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IT Pros Willing To Buy Their Own Tech

Nearly 75% say they will fund at least part of the cost of job-related hardware -- if they can choose what they use, finds Unisys.



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In a clear indication of just how integral technology is to all aspects of their everyday lives, almost three-quarters of IT workers said they are willing to pick up part of the tab for workflow-related technology -- if they could select it themselves, according to the findings of a new online survey by Unisys.

The survey asked what percentage of the cost of IT tools employees would be willing to fund to perform their jobs if they had the freedom to choose what they could use. Of 141 respondents, nearly one-third (32%) of information worker (iworker) respondents said they would pay the entire cost, 21% said they would pay up to half of the cost, and another 21% said they would pick up 30% of the cost.

The survey also found that 26% of respondents would not pay anything toward the purchase of their technology, stating that their employers are responsible for those costs.

The findings show a significant blurring of the lines between using technology for personal use and for work, said Sam Gross, VP of global IT outsourcing solutions, at Unisys, an IT services and solutions company based in Blue Bell, Pa.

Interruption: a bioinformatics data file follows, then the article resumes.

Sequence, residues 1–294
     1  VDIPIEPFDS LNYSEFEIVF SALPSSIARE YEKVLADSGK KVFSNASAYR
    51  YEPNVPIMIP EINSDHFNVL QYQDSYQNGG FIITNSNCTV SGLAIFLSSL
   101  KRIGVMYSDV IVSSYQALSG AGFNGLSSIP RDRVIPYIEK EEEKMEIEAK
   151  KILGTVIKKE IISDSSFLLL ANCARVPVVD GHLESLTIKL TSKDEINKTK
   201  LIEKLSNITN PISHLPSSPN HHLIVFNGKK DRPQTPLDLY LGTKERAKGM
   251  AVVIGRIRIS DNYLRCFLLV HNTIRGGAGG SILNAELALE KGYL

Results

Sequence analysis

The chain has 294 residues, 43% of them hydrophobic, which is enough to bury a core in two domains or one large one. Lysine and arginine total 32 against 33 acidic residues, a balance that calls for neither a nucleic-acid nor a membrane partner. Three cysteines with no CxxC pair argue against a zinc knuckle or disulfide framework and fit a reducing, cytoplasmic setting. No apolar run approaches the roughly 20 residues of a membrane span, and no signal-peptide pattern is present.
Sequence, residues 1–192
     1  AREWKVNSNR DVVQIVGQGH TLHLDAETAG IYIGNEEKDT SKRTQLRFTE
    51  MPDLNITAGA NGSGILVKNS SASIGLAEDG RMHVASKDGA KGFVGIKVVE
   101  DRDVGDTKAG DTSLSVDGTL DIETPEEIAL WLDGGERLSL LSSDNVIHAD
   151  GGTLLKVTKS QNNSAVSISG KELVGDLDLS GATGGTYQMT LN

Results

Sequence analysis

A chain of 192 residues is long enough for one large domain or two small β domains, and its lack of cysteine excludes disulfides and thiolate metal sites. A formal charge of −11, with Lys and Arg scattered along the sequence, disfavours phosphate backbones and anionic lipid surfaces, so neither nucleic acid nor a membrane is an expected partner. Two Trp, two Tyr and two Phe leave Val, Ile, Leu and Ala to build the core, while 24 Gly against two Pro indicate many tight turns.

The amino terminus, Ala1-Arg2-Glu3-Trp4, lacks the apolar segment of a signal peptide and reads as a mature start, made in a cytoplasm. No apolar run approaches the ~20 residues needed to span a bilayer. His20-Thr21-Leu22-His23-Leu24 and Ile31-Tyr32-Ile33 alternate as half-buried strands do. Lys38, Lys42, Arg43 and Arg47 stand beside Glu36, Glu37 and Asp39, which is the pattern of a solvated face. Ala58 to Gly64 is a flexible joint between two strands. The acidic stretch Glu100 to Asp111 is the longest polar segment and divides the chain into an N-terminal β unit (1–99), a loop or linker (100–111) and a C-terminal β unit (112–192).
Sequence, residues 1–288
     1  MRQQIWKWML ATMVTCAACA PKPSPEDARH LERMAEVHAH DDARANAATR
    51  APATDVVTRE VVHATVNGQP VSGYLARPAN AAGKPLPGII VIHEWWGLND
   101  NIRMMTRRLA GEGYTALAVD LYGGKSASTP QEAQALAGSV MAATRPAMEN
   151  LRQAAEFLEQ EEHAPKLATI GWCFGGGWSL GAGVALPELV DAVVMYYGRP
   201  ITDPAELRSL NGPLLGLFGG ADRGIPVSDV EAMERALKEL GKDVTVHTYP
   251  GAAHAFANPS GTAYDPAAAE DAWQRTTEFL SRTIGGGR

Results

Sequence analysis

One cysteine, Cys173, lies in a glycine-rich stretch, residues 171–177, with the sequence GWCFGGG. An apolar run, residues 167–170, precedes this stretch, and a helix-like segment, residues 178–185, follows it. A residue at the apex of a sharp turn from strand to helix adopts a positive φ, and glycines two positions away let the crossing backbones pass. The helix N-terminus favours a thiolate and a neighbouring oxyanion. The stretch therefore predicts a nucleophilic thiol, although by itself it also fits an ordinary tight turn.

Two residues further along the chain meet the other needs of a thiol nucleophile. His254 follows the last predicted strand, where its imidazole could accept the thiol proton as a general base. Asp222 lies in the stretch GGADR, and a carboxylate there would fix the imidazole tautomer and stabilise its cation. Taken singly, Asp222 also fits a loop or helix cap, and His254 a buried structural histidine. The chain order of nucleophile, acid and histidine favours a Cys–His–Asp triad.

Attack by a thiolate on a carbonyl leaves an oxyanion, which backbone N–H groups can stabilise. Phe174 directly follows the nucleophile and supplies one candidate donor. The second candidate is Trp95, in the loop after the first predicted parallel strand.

"The consumerization of IT is being driven by iworkers who are the ones going out and voluntarily purchasing equipment with their own dollars for business and personal use,'' said Gross. "It should become very clear to corporations that this is a trend they are not driving but the employees; the iworkers are driving this from the bottom up." As a result, Gross said, corporate IT needs to start figuring out how to deal with the changes rather than resist them.

The variety of devices, form factors, and platforms employees are using to do their work is very wide and very diverse, he said. By introducing consumer technologies into the workplace, iworkers "are going to drive the requirements for corporate IT to understand how to adapt to that new reality."

The online survey, conducted in late July, reinforces the findings of a recent Unisys-sponsored study by research firm IDC, which revealed that an overwhelming 95% of 2,820 iworkers in 10 countries use at least one device at work they purchased themselves, Unisys said.

Although the online survey did not ask what specific types of technologies iworkers would be willing to pay for, Gross said that right now the hot ones appear to be iPads and netbooks, although the devices used are somewhat fluid. "The reality is this is enabled because we now have applications living in the cloud, living on the web, and we no longer have all of these heavyweight applications installed on devices,'' he said.

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